There follows a guest post by Dr. David McGrogan, an Associate Professor at Northumbria Law School, about whether the OGs of the lockdown sceptics’ movement should welcome repentant sinners or shun them as bandwagon jumpers.
At the end of March 2020, I saw an opinion poll result (I wish I could remember where) which indicated 93% of population of the U.K. were in favour of the lockdown that had just been introduced.
I was in the other 7%. In future years, I’ll have to find some way to convey to my kids the nature of that feeling – the strange combination of befuddlement and disappointment that results from watching everybody you know not only going completely mad, but convincing themselves they are being virtuous in doing so. It was like being a lemming, watching its thousands of brethren suddenly getting together and flinging themselves off the nearest cliff into the broiling sea as though it was the most natural and sensible thing to do in all the world. I just couldn’t fathom that anybody might think this bizarre experiment would work – and yet it seemed everybody did. In retrospect, of course, the very unanimity and certainty with which people approached lockdown was itself indicative that something very strange was going on in those heady days of spring 2020. What complex public policy decision in a liberal democracy ever achieves 93% approval in an opinion poll? The truth is, this had nothing to do with reasoned ‘opinion’. It was mass panic.
Thankfully, the national mood is now very different. I don’t believe that things have swung, or ever will swing, to near unanimity against lockdown. But it is now ever more common to encounter the sentiment, ‘Never again.’ People who were zealously in favour of Lockdown 1, Lockdown 2, and Lockdown 3 are now repenting in their droves. The question for us hardened sceptics – the Spartans, the Immortals, the Originals, the Old Guard – is what to do with these prodigal sons and daughters. Do we welcome them with open arms, fatted calf at the ready? Or do we churlishly dismiss them from our doors as accomplices in what will inevitably come to be seen as one of the worst public policy mistakes in history?
The truth of the matter is, we have to think strategically. There must never be another lockdown, in any circumstance. The consequences for our society, our children, our communities, would be too severe. This foolish, inhumane policy must forever be consigned to oblivion. And in order to ensure that it is, we need as broad a coalition of the public as possible. At the time of the first lockdown, I remember thinking that all political differences – left and right, Labour and Conservative, Leave and Remain – were completely irrelevant when set against the division between pro- and anti-lockdown. If you were against lockdowns, you were one of the good guys, whether you were Giorgio Agamben or James Delingpole. And this mode of thinking, I believe, still has to apply, and apply in perpetuity. Whatever one’s background, and whatever one thought in 2020-21, if you would be against the reintroduction of Covid restrictions in the future, you are in the right tent. You can be in the gang and you can sit at the table. We need you.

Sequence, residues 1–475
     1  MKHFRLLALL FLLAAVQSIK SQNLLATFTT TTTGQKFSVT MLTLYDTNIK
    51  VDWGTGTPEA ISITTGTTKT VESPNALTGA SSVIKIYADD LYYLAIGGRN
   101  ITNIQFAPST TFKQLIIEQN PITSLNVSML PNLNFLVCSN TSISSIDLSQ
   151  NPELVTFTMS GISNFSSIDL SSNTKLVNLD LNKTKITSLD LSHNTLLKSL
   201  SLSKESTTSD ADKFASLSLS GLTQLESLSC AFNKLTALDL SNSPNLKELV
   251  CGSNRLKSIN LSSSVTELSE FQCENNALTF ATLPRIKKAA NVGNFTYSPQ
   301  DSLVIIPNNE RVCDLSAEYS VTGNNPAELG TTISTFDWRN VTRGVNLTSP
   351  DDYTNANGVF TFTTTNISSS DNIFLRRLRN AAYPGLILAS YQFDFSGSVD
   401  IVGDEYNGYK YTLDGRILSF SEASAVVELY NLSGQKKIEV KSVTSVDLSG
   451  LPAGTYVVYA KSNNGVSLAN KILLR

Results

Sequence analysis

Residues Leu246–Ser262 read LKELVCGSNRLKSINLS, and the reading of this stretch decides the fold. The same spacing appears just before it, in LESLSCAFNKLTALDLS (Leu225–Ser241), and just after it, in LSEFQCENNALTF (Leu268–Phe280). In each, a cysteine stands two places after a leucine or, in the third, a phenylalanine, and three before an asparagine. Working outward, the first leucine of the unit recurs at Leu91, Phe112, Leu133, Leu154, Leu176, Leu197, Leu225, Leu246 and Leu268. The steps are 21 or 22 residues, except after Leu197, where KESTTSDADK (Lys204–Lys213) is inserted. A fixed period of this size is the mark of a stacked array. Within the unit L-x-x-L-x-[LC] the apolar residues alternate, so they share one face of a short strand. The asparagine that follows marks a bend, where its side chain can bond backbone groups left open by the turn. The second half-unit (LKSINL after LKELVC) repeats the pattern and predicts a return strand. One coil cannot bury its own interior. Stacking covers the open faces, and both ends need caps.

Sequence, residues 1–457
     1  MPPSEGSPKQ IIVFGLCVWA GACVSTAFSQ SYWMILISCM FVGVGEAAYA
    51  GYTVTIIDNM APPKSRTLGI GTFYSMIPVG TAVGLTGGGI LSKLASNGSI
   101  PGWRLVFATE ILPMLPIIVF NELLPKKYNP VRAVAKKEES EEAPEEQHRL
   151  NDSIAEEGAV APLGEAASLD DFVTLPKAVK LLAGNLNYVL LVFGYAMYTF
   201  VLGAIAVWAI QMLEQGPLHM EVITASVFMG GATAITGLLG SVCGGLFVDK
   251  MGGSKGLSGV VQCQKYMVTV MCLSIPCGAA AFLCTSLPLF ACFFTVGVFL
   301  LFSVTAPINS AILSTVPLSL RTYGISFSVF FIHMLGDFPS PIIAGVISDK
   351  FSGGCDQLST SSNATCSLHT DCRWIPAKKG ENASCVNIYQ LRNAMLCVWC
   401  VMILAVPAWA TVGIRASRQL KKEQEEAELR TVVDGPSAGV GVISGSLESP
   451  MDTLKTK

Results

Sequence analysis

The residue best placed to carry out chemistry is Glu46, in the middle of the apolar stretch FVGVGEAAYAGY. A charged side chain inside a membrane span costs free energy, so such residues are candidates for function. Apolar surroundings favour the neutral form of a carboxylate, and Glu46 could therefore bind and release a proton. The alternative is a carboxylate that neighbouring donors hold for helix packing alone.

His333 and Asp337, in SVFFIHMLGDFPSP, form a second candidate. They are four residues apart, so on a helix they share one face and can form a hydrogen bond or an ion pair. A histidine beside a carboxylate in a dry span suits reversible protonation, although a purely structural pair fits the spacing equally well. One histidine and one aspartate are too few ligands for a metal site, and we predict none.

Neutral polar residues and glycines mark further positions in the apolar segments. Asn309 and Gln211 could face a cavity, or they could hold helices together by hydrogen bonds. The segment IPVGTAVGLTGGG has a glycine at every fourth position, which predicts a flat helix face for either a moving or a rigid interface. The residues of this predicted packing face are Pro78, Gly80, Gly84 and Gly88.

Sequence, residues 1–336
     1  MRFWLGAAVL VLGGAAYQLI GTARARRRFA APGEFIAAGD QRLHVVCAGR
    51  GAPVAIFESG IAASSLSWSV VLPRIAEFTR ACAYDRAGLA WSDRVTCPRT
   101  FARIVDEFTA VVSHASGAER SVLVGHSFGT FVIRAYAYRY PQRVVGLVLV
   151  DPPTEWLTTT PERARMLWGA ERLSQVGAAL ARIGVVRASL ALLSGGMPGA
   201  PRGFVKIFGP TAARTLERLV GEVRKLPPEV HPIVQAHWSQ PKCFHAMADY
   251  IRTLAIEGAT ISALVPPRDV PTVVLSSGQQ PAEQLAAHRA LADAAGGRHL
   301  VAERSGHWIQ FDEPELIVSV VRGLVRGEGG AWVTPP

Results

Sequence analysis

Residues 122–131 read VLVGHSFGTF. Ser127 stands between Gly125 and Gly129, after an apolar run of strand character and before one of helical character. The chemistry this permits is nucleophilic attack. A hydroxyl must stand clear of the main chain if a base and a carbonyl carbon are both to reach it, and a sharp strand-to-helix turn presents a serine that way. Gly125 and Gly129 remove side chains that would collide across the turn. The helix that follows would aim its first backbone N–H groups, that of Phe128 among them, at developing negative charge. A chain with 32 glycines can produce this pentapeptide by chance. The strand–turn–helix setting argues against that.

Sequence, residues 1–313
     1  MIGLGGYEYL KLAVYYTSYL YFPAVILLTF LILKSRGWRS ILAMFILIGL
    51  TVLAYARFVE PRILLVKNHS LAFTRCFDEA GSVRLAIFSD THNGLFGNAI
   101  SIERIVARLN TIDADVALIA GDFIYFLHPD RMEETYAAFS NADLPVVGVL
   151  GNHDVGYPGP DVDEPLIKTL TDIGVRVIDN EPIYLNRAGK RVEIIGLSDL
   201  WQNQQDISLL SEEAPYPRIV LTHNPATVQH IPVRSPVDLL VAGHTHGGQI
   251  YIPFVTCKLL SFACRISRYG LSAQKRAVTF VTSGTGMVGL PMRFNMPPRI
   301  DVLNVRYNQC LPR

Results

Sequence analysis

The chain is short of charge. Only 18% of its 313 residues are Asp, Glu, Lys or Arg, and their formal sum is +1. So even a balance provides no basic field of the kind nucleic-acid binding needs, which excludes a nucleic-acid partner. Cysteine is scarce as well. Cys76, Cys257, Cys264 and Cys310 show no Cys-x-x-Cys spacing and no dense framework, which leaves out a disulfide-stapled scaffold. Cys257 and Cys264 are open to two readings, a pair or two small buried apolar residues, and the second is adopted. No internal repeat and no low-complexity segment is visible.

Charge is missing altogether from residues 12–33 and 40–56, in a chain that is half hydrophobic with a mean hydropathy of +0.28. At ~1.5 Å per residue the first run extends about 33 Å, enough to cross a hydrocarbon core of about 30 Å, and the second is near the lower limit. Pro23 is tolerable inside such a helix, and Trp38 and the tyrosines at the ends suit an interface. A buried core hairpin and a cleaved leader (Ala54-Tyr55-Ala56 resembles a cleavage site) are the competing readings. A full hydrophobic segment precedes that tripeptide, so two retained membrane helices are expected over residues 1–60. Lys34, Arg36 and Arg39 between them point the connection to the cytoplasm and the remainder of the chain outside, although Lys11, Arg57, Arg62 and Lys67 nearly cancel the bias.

This will require some gritting of teeth, no doubt. If you, like me, were always against lockdowns, it is galling to say the least to now be told things (“Not all Covid deaths are deaths ‘from’ Covid”, “Not everybody who is hospitalised ‘with’ Covid is being primarily treated for Covid”, etc.) that one has known about since March 2020. It is profoundly irritating to be told “We just have to live with it now” when all you ever wanted was for that to be the case. It is exasperating to have to accept that even those who have come to adopt an anti-lockdown position will probably always think the first lockdown was a) necessary and b) ‘worked’. I understand all that perfectly well. But the task now is to focus on the bigger picture: changing what I am compelled to call ‘hearts and minds’ so as to make completely sure that lockdown never, ever happens again.
Stop Press: Dan Hannan has a good piece in the Telegraph praising those who called the lockdowns right back in March of 2020.
Few commentators came out against the restrictions in March 2020, among them: Toby Young, Fraser Nelson, Jonathan Sumption, Matthew Parris, Freddie Sayers, Janet Daley, Julia Hartley-Brewer, James Delingpole, Peter Hitchens, Ross Clark and, soon afterwards, Allison Pearson.
Back in that sun-drenched, terrified, illiberal spring, no dissent was permitted. Even to point out that an alternative approach was possible – and visible in Sweden – was to court vilification. When Toby Young wrote that we habitually did put a value on human life via the recognised formula for calculating quality-adjusted life-years, that we used it whenever medical interventions were proposed, and that we should apply the same test to lockdowns, he became a national hate figure, howled down as some sort of eugenicist.
The odium was overwhelmingly one-way. Lockdown sceptics did not respond by accusing their opponents of aiming to destroy children’s education, or of being indifferent to mental illness, or of wanting others to die of cancer. Nor did they accuse them of being “anti-science”.
Worth reading in full.